When Jessica Kryssing uploaded her mandatory first day of work wish-me-luck pic to Twitter, it got a couple of hearts and retweets and a few replies from friends excited about her new position at at Piazza Honda of Springfield. That was expected.
What the 20-year-old Long Island native and recent Philly transplant did not expect? That her post would go viral. It happened after she quoted her original selfie snap with an empowering note:
“By the way,” Kryssing wrote, “I’m the first female technician EVER to work at my dealership.”
And then her phone blew up. Thousands and thousands of notifications expressing love, support and yasss queen! solidarity poured in. People from all over the country began toasting Kryssing for her achievement, commending her for being a brave “badass” and for bringing attention to the ongoing issue of gender imbalance in the automotive industry.
Within a couple of days, her tweet had more than 10,000 RTs and close to 120,000 likes.
Kryssing was especially touched by all the other young women who reached out to say they felt empowered by her pursuit of a career in a traditionally male field.
“I must have gotten about 30 messages from different girls that said things along the lines of, ‘You’re the reason why I finally decided to go back to school,’ and asked me what my technical school had to offer,” she told Billy Penn. “It was cool because I’ve never had anybody tell me that before.”
Growing up in the biz
Kryssing has been fascinated with metal contraptions moving at maximum velocity since she was a kid.
When she was 7 years old, her father George “Kook” Kryssing said, she became obsessed with making a GoKart go faster. “She’s always had a competitive edge,” he recalled. “Before she got her license, I let her drive our GRUMMAN box truck, which is a challenge to drive because of its ‘loose steering wheel’ feel.”
She became a fan of fan of NASCAR’s Tony Stewart, Jimmie Johnson and Jeff Gordon, and soon was asking to drive her father’s racing AMG at 160 mph down an airstrip, he said. While doing so, her curiosity was piqued, so Kook taught her all about threshold braking, how to get a car prepared for an emergency situation, how to handle a car in wet and sandy conditions.
Kryssing attributes some of her early car love to attending lots of races with her family, but it’s also in her blood: back in 1962, her grandfather founded Kooks Headers and Exhaust, a still-flourishing automotive business.
“My grandpa…started building his own headers out of his garage and was in the drag racing community in the ’60s,” she explained. “He started beating everybody and people were like, ‘Well, what do you have under the hood there?’ so he ended up building custom headers for other racers.”
Years of encouragement from her family made a career in the car world seem like a normal thing for a young woman to chase.
“My dad inspires me every day — and so does my mom of course — but my dad especially does,” Kryssing said. “He is one of the hardest workers I have ever seen in my life. He can tell any kind of car from just the sound, the year, the make anything like that…He’s everything that I strive to be.”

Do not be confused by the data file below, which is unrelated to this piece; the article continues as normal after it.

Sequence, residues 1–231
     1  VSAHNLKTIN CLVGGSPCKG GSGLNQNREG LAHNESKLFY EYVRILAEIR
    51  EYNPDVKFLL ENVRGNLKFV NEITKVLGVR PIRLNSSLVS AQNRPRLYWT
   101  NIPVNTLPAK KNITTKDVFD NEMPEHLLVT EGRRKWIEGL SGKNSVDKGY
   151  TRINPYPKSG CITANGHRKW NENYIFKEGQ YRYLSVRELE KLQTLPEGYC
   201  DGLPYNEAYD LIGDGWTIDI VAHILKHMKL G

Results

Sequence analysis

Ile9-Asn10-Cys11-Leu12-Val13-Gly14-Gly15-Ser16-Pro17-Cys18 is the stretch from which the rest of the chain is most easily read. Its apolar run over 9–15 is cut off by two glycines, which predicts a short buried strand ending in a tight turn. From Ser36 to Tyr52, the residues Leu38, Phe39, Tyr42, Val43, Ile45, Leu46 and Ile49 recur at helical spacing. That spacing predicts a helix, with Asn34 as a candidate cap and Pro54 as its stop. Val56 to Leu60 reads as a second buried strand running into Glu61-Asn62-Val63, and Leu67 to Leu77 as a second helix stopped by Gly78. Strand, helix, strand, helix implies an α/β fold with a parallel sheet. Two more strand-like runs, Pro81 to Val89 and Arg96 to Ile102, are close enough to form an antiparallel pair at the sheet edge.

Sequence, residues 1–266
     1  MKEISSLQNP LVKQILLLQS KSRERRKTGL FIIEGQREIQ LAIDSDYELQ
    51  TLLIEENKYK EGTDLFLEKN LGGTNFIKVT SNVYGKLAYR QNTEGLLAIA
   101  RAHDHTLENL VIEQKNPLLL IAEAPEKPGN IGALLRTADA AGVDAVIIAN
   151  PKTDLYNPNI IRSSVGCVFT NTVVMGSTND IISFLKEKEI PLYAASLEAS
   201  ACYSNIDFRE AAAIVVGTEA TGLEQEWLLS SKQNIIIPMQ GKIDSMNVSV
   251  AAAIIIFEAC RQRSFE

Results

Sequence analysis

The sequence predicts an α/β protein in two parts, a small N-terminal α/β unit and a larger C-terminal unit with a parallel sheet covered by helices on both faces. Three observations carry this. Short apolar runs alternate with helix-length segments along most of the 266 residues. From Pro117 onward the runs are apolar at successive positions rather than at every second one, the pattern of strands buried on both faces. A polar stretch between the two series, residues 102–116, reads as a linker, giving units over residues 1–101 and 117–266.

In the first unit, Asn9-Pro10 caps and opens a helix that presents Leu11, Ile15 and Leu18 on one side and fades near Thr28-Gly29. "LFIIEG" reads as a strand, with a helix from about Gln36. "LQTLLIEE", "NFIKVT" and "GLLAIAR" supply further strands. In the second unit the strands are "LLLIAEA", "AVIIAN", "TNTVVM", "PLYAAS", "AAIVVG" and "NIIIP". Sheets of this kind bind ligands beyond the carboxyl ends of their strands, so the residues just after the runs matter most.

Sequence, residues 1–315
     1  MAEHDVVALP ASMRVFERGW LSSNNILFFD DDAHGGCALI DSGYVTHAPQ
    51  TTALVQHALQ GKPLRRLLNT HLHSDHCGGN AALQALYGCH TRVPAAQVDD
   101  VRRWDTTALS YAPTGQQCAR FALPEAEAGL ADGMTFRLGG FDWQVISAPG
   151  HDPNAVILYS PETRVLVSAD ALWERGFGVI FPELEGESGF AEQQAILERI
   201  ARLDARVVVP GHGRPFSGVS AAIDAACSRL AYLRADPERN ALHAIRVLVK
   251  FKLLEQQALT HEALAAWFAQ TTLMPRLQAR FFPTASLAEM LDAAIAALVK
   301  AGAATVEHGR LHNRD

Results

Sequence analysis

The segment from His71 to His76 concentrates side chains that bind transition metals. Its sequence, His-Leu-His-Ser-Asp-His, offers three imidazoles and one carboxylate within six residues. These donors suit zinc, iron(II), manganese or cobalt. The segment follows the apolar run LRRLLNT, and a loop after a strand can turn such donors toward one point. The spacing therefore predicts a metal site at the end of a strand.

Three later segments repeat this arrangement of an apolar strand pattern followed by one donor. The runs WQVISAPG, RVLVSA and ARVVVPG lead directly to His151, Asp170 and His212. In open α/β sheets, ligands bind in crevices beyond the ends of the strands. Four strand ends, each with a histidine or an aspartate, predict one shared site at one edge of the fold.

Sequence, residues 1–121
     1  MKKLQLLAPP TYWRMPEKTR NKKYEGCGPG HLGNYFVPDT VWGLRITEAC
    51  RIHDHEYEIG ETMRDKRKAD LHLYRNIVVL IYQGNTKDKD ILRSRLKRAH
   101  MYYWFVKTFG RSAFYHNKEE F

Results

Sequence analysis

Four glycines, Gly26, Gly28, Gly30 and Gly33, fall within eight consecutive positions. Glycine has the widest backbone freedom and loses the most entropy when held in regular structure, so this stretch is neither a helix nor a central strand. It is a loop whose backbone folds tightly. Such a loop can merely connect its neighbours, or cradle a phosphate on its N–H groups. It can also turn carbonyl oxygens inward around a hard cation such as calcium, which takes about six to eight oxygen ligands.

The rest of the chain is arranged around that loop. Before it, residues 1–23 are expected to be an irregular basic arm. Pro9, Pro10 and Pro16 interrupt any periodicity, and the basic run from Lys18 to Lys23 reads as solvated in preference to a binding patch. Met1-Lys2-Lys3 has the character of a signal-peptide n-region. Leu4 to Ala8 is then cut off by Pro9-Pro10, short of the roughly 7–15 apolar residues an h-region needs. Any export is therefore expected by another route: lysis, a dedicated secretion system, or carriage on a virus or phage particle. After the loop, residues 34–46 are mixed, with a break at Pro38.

The elder Kryssing is proud of his daughter, not only because of her “excellent work ethic” and “great heart,” but also because she’s showing other women that the automotive industry is not just a man’s world.
“Women can find a sense of empowerment and a nice revenue path to succeed,” he said.
From learning in school to educating customers
Kryssing is currently a student at Lincoln Technical Institute, in a 13-month program about the ins and outs of automotive technology, service management and mechanics.
She’s learned a lot in school so far, such as how to masterfully do an oil change, where to find the air filter and how to analyze an engine issue meticulously, figuring out which tools to use to resolve the problem. But she didn’t need to go to school to learn that women face barriers to careers in the auto industry.
So when she found out she’d be the only female auto tech on the floor at her new dealership, she wasn’t all that surprised.
“Women are discouraged from getting into the car and oil industry because they feel intimidated,” Kryssing said. “Women may not feel as welcome in this environment as they would, say in a female-dominated industry like makeup artistry. As a licensed aesthetician I can tell you that it’s way different for women when they’re working by and for women.”
Though Kryssing feels that she has the respect and support of her co-workers and manager, she’s already been the target of a couple of snide remarks from male customers.
“Some guy was perplexed that I was sitting in his car, testing the battery. He argued, saying ‘But why? I only came here for my tires,’ and I had to calmly explain to him that, like going to a doctors appointment and getting your weight and height checked, cars need to be looked at completely before diving into the root of the problem. Even after that explanation, he looked like he didn’t believe that I knew what I was doing,” Kryssing said.
No chance she’s going to let that attitude deter her from her dreams.
After she graduates, Kryssing has plans to work with a race team or help build car engines. For now, you can find her at Piazza Honda of Springfield at 780 Baltimore Pike, Springfield, Pa.